It Is Okay To Have JESUS & A Therapist.

August Sister Spotlight: Kristel David
August 1, 2019
January 5, 2020

written by Raven Johnson

A year ago, Sis went to therapy. Sis was living her dream: She was settling into full-time entrepreneurship, doing what she loved the most, and preparing to become her MCM’s wife. Then life hit her, and grief made the everyday execution of that dream difficult. Sis had not realized that she was struggling until she looked down and saw that grief had snatched 30 pounds from her. After being told by doctors that her chest pain was not from heart or lung dysfunction, but from a high-stress level, Sis knew she had to make a lifestyle change. 

So often we’re told that our partner is supposed to be our support system through life changes, such as these. However, although her partner was ready and willing to accept that challenge, Sis felt that her wholeness was her responsibility – not his. Sis decided to do the work to bring her best self not only to her marriage, but also to her business, and to every environment that she would enter in her new life.

Sis was skeptical about going to therapy at first. She was a smart girl. Why would she need anyone’s input on how to thrive in a world full of dreams, but challenged by life’s disappointments? All of the Black female therapists that she’d contacted had waiting lists. Would therapy be as effective if the therapist wasn’t Black like her? Could her wholeness wait for schedules to align? Was she supposed to spend her hard-earned money on something that wasn’t a guarantee? Since Sis was a Christian, wasn’t Jesus supposed to fix it?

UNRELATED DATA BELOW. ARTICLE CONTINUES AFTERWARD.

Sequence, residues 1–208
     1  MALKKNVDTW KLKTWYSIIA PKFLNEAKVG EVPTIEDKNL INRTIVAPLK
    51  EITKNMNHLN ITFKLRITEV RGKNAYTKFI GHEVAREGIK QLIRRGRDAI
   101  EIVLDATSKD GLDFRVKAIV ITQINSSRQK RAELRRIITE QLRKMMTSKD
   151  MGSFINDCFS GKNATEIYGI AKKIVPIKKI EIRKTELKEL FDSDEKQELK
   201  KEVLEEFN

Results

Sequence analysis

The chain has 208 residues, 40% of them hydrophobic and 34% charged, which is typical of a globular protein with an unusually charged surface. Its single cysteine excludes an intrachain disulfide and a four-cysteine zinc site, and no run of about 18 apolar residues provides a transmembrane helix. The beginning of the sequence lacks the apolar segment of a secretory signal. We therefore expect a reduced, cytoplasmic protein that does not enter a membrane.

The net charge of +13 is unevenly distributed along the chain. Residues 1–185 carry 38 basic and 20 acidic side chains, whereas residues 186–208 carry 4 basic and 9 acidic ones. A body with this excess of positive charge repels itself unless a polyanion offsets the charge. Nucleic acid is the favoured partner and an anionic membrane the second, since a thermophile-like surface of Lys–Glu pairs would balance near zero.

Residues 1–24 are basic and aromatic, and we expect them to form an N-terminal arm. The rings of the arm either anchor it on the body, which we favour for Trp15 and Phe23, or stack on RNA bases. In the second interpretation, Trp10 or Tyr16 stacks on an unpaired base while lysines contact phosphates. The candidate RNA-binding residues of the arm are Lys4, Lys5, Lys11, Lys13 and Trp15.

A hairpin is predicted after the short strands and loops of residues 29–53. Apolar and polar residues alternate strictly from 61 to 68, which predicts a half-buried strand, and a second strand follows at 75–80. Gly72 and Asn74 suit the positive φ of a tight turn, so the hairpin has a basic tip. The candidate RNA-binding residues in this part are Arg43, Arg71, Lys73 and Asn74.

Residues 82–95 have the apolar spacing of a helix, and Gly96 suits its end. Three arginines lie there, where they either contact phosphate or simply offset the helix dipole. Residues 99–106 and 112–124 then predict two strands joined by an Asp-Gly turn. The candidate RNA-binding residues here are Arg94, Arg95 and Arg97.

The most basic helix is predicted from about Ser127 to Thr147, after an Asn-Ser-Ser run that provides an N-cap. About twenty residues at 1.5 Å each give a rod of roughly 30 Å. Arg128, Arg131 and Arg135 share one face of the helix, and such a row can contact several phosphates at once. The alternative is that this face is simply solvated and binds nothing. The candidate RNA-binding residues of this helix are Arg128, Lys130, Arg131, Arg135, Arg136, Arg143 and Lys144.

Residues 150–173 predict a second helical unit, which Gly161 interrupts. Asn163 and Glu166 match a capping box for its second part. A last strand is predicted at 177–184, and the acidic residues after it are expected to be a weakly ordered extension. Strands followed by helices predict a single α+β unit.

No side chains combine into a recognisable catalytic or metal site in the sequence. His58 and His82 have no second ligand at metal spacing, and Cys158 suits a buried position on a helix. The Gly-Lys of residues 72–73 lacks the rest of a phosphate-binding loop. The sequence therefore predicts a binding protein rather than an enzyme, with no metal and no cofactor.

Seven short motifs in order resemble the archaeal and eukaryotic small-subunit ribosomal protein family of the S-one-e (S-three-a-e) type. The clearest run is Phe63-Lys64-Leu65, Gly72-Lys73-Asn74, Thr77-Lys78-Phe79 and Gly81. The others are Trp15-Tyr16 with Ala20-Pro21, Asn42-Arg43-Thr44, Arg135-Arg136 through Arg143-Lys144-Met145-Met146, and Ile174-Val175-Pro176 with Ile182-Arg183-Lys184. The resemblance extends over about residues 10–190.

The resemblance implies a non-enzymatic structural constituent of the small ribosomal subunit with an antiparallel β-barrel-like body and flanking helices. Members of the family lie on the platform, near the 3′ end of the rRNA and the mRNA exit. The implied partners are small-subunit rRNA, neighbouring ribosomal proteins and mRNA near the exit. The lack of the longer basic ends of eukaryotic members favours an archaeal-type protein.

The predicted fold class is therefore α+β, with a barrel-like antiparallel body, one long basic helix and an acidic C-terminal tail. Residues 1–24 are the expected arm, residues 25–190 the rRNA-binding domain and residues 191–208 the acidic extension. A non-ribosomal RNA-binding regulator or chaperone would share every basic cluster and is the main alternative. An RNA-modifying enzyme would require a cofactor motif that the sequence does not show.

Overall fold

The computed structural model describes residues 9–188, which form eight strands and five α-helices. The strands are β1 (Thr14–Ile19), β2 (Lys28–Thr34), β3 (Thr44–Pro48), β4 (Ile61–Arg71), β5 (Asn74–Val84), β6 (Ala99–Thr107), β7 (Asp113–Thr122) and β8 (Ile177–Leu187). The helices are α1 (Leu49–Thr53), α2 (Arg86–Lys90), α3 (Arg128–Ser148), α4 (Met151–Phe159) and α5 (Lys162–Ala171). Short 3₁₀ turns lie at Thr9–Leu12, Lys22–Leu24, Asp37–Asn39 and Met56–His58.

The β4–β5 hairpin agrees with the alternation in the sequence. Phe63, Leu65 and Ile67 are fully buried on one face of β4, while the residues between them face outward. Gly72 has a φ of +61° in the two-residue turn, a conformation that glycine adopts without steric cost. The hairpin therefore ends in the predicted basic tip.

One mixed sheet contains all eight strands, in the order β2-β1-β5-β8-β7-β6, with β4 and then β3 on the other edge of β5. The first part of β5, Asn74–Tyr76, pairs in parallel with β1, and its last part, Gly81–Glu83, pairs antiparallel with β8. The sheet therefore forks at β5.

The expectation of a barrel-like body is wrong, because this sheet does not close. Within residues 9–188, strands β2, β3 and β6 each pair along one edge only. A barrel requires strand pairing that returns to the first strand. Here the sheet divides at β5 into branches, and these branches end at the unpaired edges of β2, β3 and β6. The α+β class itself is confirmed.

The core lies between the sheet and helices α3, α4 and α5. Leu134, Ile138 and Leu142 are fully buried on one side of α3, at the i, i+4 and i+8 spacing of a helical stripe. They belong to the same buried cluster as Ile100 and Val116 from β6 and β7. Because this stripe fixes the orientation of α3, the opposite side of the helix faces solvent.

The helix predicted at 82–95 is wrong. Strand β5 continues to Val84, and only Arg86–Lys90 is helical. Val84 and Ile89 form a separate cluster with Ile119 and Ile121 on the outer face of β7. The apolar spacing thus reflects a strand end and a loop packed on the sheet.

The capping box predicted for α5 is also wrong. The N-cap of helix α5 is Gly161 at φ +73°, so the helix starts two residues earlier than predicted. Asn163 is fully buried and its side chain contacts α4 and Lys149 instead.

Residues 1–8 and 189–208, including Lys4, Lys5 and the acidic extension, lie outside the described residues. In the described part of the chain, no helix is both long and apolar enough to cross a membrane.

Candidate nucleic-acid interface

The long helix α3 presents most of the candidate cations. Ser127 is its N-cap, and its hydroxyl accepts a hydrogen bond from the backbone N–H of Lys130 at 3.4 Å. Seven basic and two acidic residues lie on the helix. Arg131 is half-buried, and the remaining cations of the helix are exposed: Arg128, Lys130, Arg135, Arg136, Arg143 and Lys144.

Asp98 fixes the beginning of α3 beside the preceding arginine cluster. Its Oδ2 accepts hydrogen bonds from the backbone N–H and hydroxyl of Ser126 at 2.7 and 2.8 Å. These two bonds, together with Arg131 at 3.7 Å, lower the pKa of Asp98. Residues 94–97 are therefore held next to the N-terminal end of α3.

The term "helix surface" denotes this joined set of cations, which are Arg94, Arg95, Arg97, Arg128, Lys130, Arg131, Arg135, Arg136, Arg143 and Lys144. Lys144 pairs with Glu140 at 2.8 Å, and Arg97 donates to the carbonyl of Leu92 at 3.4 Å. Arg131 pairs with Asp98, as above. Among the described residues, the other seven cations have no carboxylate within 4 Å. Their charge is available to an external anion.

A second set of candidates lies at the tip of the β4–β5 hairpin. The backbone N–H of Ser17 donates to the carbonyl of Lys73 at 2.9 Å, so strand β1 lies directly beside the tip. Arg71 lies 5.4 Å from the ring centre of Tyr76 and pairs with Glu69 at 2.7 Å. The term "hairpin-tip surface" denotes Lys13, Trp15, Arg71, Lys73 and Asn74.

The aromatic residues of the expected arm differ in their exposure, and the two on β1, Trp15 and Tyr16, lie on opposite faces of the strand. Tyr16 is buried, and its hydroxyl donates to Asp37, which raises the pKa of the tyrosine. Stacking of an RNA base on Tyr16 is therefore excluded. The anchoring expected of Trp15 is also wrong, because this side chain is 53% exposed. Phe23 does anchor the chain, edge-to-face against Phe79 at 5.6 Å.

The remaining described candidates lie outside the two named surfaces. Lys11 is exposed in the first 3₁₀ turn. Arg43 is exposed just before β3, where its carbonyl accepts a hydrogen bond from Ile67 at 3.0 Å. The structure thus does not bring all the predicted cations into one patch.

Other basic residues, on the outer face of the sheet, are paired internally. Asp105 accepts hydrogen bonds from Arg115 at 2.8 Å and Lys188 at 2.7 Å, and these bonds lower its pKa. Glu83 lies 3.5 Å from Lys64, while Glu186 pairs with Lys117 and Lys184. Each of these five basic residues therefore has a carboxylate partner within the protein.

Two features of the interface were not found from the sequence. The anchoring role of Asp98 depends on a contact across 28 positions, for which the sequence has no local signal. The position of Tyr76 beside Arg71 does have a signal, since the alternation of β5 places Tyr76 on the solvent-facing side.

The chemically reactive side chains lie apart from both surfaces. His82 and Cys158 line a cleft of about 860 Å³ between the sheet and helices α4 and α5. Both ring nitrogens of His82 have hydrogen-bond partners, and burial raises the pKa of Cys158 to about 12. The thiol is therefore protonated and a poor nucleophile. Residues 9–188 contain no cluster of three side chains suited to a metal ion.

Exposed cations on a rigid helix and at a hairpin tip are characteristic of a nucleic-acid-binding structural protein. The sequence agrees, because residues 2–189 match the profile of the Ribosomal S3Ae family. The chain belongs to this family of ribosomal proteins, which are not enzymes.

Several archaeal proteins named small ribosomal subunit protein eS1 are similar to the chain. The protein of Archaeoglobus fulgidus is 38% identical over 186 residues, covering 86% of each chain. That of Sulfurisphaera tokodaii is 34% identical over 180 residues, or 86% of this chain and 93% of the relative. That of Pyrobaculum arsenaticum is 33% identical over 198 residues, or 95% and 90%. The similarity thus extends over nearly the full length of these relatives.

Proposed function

A year into therapy, Sis is grateful that she did not let the unknowns of these questions stop her journey to wholeness. The smartest decision she ever made was going to therapy. Not only did she learn coping mechanisms to address the grief that she initially sought therapy for, but she also gained insight on strategies for balancing the various life transitions she was experiencing. She found that her therapist would rarely offer her opinion (which was annoying at first); instead, she guided her towards drawing her own logical conclusions, making her own decisions, and being able to do so independently. Sis took the opportunity to enlighten her therapist on her experience as a Black woman, a Black lover, and a Black entrepreneur, so that she could better understand how the techniques her therapist suggested would be uniquely applied. She found that each step on the journey to wholeness was priceless and that therapy was just as much a priority as anything else she spent money on – or more – so every week, she went back. Sis identified that if God created chiropractors for when our backs hurt, podiatrists for when our feet ache, and tutors for when our brains tire, then therapists are there for when some part of our souls need healing and that is as good a reason to seek professional help as any.

Sis learned that the journey to “wholeness”, through therapy, has no destination. It is about learning to work towards wholeness, while we are constantly redefining what that even means, as we grow. A year in, Sis considers her entry into therapy one of the most impactful boss moves she has ever made. She realizes that the next mountain could be grief or it could just be the next thing that God entrusts her with. However, a year ago, Sis went to therapy and now she feels so much more prepared for whatever that might be.


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